“One of the things that we are trying to find out is whether we could use shorter homology regions between DNA fragments that undergo homologous recombination,” says Kumaran Narayanan, Ph.D., senior lecturer at the Monash University Sunway Campus, Malaysia, and adjunct assistant professor in the department of genetics and genomic sciences at Mount Sinai School of Medicine.
Homologous recombination in E. coli usually requires 40 to 50 base pairs of homology between the recombining DNA molecules to be detectable. “There is some evidence that 20 to 30 base pairs might be sufficient, and this would allow investigators to design shorter primers for recombination, facilitating more flexible changes to DNA and is more economical,” explains Dr. Narayanan.
Dr. Narayanan and colleagues recently optimized an E. coli homologous recombination system for the in vivo modification of DNA substrates, and further perfected it to allow the cloning of repetitive DNA regions, a form of DNA known to be inherently unstable in a recombination environment. This recombination protocol uses a 10–20 minute induction time to minimize DNA exposure to the recombination enzyme, and is ideal for functional studies that involve highly repetitive regions, trinucleotide repeats, and homologous genes.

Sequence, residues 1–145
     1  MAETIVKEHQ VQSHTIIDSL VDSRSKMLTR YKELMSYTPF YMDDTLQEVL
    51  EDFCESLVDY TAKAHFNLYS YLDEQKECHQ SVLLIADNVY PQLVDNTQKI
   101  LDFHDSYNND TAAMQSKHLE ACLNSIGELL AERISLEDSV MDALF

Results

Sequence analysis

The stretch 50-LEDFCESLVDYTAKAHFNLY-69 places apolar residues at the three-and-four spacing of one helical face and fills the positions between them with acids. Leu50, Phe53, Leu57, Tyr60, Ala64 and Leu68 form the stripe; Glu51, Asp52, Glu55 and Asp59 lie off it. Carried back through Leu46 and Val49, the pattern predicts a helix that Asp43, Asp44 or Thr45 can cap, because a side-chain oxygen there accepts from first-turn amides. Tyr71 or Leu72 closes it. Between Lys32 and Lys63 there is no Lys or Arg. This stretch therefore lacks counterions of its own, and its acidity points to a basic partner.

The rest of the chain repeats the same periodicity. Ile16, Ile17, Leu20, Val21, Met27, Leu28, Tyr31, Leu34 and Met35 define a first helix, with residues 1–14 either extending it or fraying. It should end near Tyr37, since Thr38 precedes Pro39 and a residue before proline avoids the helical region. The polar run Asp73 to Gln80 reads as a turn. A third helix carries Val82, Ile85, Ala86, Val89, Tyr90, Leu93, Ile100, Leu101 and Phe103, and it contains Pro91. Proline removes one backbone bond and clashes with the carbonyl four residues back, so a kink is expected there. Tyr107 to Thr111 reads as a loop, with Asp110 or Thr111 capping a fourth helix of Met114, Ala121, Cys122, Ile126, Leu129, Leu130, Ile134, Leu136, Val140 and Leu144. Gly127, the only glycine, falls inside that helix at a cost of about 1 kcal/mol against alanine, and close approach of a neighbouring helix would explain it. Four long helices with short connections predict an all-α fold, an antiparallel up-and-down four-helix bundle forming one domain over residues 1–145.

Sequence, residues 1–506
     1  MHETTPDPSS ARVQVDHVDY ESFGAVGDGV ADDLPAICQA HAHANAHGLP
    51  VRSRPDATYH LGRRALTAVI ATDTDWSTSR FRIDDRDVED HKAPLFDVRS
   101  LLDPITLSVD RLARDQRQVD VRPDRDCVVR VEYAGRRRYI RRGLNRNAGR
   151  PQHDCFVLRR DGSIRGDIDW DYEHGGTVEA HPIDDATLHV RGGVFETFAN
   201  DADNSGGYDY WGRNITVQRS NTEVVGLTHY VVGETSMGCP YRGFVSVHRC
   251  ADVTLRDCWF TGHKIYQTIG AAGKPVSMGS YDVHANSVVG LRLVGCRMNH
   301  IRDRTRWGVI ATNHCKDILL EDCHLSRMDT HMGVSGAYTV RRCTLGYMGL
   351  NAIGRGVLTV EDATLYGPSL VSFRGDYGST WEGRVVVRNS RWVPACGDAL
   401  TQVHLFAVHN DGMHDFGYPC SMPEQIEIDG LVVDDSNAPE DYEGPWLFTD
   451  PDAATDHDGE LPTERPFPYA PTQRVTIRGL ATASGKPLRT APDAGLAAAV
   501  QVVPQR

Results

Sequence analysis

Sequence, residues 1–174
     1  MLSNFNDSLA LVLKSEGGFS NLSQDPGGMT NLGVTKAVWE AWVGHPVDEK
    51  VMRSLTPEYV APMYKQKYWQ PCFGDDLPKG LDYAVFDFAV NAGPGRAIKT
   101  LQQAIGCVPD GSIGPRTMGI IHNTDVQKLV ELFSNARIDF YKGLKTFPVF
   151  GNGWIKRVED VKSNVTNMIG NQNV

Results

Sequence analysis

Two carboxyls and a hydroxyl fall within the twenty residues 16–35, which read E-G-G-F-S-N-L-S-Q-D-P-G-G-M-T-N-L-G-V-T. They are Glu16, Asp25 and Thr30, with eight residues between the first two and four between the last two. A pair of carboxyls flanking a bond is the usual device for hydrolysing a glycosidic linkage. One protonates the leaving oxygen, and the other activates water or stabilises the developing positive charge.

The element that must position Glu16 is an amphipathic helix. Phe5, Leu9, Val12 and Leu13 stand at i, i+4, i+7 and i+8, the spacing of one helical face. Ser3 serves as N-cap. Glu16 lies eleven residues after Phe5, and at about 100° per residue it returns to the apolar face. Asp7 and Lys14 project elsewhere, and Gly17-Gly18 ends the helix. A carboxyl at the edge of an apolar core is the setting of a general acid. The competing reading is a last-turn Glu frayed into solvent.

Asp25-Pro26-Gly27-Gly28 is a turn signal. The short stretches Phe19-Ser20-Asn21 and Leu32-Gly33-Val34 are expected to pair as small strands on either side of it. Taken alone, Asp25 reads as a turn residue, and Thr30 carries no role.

An additional effort in Dr. Narayanan’s group focuses on generating linear chromosome vectors that have emerged as promising tools for gene delivery into cells. Dr. Narayanan and colleagues accomplished this by capping the ends of linearized DNA fragments with telomeres derived from bacteriophage N15 to provide protection from nuclease degradation and to enable DNA replication as a linear plasmid.
The investigators subsequently exemplified the strength of this technique by generating a linear 100 kb BAC that expressed the human β-globin gene in a human host cells.
“This approach can deliver intact chromosomal loci containing their natural regulatory elements into mammalian cells, allowing temporal and spatial gene delivery from an artificial chromosome and could potentially allow us to introduce whole segments of chromosomes into cells,” says Dr. Narayanan.